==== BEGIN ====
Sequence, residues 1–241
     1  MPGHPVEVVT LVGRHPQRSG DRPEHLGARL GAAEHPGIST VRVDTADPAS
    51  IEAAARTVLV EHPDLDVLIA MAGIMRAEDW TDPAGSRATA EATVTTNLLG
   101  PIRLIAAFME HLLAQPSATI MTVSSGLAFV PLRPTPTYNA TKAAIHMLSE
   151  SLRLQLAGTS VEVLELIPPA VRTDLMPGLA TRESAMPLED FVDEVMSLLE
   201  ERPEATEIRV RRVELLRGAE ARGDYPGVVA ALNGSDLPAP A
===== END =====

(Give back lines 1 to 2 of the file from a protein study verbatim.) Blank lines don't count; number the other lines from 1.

Sequence, residues 1–241
     1  MPGHPVEVVT LVGRHPQRSG DRPEHLGARL GAAEHPGIST VRVDTADPAS